One of the most common threads I’ve seen in successful financial advisors is a tenacious focus on the client outcome. Outcomes are the results that outstanding advisors provide clients to achieve goals, solve problems and provide financial fulfillment. This is not to understate or minimize the process and client experience along the way – both of which are intensely important – but results provide advisors with tangible proof of their value to reinforce client relationships.
Let’s highlight three strategies that led to outstanding client results. I will take you through how advisors engaged with their insurance partners to solve problems and achieve the best outcome for their clients.
Early this year we had an advisor approach us with an opportunity to assist in putting together an insurance portfolio for two business partners. Let’s call them Jim and John. The two clients built an extremely successful manufacturing business that was well capitalized and generated significant cash flow. Jim and John needed to arrange a buy-sell agreement and funding strategy.
Based on the advisor’s discovery session with Jim and John, their goal was to ensure they had enough insurance coverage to fund the buy-sell arrangement, and they didn’t like the idea of “renting” term insurance. The clients believe that in 15-20 years they will be exiting the business and it is important to them to either have cash value built into their coverage that they could take with them or permanent insurance they could repurpose for estate planning. While this may sound relatively straightforward, the typical “cross-purchase” arrangement makes this more difficult to accomplish as the partners would essentially own each other’s policy. While cross-purchase is still a workable strategy, a more streamlined solution for this type of scenario is to establish a partnership to own the policies with an operating agreement that will govern the buy-sell.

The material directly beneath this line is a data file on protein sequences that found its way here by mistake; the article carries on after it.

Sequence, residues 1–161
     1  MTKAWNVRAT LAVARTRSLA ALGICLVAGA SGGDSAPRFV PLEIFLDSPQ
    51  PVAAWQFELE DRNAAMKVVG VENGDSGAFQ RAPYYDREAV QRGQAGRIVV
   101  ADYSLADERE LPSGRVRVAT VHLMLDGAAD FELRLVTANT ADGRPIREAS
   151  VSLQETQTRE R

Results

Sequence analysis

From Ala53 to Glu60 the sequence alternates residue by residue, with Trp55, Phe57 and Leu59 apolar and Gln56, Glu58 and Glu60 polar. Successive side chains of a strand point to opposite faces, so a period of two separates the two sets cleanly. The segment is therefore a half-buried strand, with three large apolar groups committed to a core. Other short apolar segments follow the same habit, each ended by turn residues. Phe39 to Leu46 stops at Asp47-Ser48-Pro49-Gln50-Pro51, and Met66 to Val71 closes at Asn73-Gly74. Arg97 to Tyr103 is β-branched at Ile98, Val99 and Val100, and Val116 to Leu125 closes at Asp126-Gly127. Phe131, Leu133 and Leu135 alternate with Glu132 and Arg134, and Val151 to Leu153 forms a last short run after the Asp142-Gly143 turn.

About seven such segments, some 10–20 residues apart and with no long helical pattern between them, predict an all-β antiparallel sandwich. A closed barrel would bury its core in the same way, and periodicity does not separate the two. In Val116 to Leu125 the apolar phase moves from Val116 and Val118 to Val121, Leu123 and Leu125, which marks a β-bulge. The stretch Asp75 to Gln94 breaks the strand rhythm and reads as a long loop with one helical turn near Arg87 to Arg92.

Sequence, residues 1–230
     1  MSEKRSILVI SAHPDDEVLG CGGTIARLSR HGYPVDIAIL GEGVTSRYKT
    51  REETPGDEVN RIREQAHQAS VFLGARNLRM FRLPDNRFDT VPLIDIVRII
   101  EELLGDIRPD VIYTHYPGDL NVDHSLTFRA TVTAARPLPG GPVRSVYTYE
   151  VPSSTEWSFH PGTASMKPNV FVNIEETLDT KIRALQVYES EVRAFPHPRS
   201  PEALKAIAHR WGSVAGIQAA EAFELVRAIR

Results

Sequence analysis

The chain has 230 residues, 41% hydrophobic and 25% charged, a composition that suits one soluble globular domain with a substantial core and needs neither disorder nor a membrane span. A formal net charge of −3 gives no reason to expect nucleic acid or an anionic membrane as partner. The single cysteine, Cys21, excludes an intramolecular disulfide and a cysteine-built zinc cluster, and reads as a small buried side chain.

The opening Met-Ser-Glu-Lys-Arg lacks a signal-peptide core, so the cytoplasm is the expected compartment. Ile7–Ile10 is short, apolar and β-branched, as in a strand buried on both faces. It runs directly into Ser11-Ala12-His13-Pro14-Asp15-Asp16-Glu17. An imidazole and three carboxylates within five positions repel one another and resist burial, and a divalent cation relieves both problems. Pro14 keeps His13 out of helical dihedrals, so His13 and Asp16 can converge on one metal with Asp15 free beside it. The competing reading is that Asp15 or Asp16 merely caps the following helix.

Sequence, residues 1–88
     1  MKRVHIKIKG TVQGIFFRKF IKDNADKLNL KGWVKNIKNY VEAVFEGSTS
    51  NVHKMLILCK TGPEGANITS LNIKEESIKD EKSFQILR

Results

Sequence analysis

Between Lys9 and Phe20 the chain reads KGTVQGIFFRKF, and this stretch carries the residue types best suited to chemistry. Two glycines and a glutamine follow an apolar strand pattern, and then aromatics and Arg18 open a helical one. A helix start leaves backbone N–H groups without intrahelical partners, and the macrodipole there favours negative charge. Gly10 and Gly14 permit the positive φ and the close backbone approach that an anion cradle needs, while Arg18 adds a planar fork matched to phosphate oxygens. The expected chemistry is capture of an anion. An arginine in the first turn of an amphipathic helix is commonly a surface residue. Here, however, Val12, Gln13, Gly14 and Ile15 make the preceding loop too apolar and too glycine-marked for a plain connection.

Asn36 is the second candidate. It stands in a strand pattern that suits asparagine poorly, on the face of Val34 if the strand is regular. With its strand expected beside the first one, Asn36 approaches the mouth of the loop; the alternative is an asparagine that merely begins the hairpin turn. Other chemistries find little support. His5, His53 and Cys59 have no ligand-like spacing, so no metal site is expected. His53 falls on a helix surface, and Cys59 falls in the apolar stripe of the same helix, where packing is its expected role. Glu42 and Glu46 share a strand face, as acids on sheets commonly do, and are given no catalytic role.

The benefit of using a partnership to own and govern a buy-sell agreement is threefold.
The advisor suggested the clients consider creating a partnership agreement funded with cash-accumulating life insurance. Jim and John agreed to the strategy and began underwriting while also engaging with their attorney to draft the appropriate agreements.
Jim and John were both approved with favorable underwriting terms and put the advisor’s recommendation in place. Each of their policies is projected to last for their lifetime and have cash values at their target retirement age that well exceed the premiums paid. The outcome of this scenario is the coverage Jim and John needed with an ownership structure that accomplishes what they wanted.
The fastest-growing line of business at Ash is our long-term care business or, perhaps more appropriately named, our healthcare in retirement business. In speaking with advisors across the country, there is a palpable demand from their clients for solutions to fund potential long-term healthcare events. Virtually everyone has now witnessed a grandparent or parent go through an extended care event and the strife and complexity that often accompanies it. The question is no longer if a client will need care, but when and how to fund the care.
One of our most successful advisors found a unique funding mechanism to seamlessly provide his clients with a substantial amount of LTC coverage without impacting their cash flow or investable assets. This advisor has a group of clients with significant cash accumulations in underperforming whole life contracts. These contracts were earning a relatively modest, albeit safe, rate of return every year and required an annual outlay. Few clients needed the insurance death benefit and the money in the contracts was more of a contingency pool of assets rather than dollars needed for retirement income.
Knowing that one of the primary reasons a client might need those “contingency” whole life dollars is a significant long-term healthcare event, the advisor looked for a different strategy. The advisor recommended a tax-free exchange to an asset-based long-term care policy. Asset-based LTC is relatively simple: The client deposits money with the insurance company (since this was a rollover, it was a single lump sum) and in return gets a pool of dollars for long-term care that is often three-five times the initial lump sum and is indexed for inflation. In some of this advisor’s cases, the LTC pool of dollars represents a tax-free internal rate of return in excess of 8% at life expectancy. The drawback of the asset-based strategy is a very modest death benefit – essentially a return of the premium. Since this group of clients weren’t concerned with death benefit, but knew the impact of an LTC event, this solution fit very well.
This advisor was able to provide his clients with certainty and peace of mind about long-term care, all with very little disruption to the client’s financial picture. By repositioning an asset that was no longer serving the client’s needs, he was able to mitigate one of the biggest risks in retirement, a long-term health event. This is a very positive outcome.